June 27, 2008
Blogging has probably matured a great deal since you started. Part of it is that it has reached critical mass, or tipping point, as it may be. The more people have blogs, the more blogs out there contending for everyone’s time and attention. Part of it is that thanks to all the great advice out there, many have learned about the ins and outs of:
- attracting readers
- getting comments
- writing better content
- having cleaner designs
- increasing subscribers
- finding post ideas
- staying the course
Social media and marketing have become so ubiquitous, that one of the things we rarely think about is the way in which we approach publishing and how that feeds back into our self esteem and brand. If you feel well conditioned and ready for a rush of activity, good for you. If instead, you feel that you are in a race that never ends, you may need to take inventory of why that is. It could be that:
You’re overextended – too much distance in too many terrains
When your creativity is being scattered over too many sites, even if you consider yourself remarkably creative, your concentration suffers. So does your writing. In addition, your brand will become diluted.
It works just like it works with products and services. You need to pick a focus, a home base site, and develop that well. If you have multiple sites, you may want to pull back some of that work and put it on your main site.
Being overextended also means being tired and tired people’s nerves fray more easily. That is when you are likely to make a bad judgment call, or react to a comment instead of responding. That’s when things rip apart.
You are getting tired of the language of social media – too crowded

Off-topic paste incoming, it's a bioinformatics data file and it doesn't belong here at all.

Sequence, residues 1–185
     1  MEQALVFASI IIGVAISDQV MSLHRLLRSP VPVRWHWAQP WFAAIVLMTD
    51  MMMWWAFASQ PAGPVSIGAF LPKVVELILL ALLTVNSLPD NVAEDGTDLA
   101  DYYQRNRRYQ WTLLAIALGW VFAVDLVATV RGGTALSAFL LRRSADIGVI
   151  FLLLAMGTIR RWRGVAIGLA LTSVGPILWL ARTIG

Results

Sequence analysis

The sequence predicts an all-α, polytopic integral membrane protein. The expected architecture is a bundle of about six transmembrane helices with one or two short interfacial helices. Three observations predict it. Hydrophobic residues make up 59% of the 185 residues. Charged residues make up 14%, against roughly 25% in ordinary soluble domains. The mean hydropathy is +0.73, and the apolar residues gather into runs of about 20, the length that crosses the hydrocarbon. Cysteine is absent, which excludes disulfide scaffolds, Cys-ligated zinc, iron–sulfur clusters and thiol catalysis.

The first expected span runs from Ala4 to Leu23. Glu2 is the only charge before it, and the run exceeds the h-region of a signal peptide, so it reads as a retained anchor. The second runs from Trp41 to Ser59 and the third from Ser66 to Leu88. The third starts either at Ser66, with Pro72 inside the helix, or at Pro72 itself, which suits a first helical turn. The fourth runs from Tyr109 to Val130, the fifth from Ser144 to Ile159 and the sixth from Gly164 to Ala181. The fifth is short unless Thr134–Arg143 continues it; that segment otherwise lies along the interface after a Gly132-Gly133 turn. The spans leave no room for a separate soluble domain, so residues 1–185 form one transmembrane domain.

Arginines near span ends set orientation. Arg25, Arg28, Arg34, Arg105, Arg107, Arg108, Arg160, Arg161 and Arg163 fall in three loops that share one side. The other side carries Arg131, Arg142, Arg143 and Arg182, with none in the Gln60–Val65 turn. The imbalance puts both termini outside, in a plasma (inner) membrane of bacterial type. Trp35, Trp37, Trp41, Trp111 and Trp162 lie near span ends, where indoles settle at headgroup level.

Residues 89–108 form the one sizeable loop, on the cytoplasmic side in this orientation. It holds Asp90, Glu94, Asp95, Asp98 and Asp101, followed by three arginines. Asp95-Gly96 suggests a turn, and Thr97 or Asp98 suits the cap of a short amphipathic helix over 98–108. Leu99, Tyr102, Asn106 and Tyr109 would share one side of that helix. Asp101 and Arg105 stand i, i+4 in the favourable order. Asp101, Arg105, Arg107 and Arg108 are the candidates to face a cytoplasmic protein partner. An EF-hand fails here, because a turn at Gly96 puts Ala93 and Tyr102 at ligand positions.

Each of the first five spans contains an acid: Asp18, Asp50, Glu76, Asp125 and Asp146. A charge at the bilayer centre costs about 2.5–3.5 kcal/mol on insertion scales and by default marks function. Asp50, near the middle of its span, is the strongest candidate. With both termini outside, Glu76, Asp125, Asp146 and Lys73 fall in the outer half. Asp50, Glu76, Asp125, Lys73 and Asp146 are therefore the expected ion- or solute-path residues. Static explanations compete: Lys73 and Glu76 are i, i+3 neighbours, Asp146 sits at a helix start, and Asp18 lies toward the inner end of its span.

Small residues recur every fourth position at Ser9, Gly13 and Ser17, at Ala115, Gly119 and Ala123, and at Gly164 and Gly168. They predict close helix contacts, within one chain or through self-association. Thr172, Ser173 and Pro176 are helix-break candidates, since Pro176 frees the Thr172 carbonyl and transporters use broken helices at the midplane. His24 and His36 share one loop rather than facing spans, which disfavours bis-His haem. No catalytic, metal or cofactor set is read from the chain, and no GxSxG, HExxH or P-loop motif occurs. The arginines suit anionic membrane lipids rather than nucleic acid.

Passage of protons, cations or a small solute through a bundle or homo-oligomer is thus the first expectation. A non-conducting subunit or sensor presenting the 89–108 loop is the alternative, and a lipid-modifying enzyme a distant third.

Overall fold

The words “conversation” “anything 2.0 or social media” even “blog” are being rendered less valuable by their mass appropriation. There’s just a lot of it out there, and some folks are busy pounding the terminology flat. The general solution here is to start looking past those words as your central point of reference.
Chances are your brand and business are much more than those terms. You need to get past them and focus on where you are going next, vs. where you are now. Words are very powerful and they can change how you think about what you do – and help others do the same.
Do you need to broaden your horizons, change your pace? Maybe you need to get out of the race altogether.
You may just not enjoy what you are doing anymore – you need rest
If you’re having a hard time coming up with fresh ideas regularly and just do not look forward to writing, you may suffer from burn out. It colors everything you do. Even when you’re writing well, you’re not appreciating your own success.
It’s a sign that it’s time for a change.
Blogging is also changing – bursts of activity scattered in more places
Discussion is migrating elsewhere. A lot of the smart people are migrating to things like Friendfeed — which is an important service — Facebook, and all the other stuff like Twitter and Plurk.
You might be able to restrict your availability on these outside discussions, driving conversation back to your site. Or maybe participating in off-site stuff increases your influence and drives the site. No one knows how that will play, yet.
It may be that you have to shift your expectations of a good post or a good week at your blog. It’s a time of flux in this area — it’s tough to say now. Maybe you’ll know in a year you’ll see what evolves in this area. The technology is still changing, too.
In the future, discussion may become very portable — very decentralized. But there will be software hooks back into websites. So you’ll comment where you wish, but the comments will get hooked wherever the publisher wants them.
Friendfeed, for instance, could be hooked to your site. When people comment on FF, the discussion is a sort of trackback. Friendfeed-like services may become social networks that get anchored where you want them. All hooked together. It will be easy when it’s ready. You’ll add a widget: done.
Content will propagate through these tools, eventually. Nets on top of nets. Communities will become more like flash mobs as these tools get adopted. More like butterflies, actually. People will see a bright flower, visit, and move on. They’ll be back.
Like any activity, business can be approached with a view to the long haul or in a very focused, and temporary manner. Are you in it for the long run, or is this just a sprint to your next destination? Are you a marathon blogger or a sprinter? There is no right or wrong, just make sure it is what you want.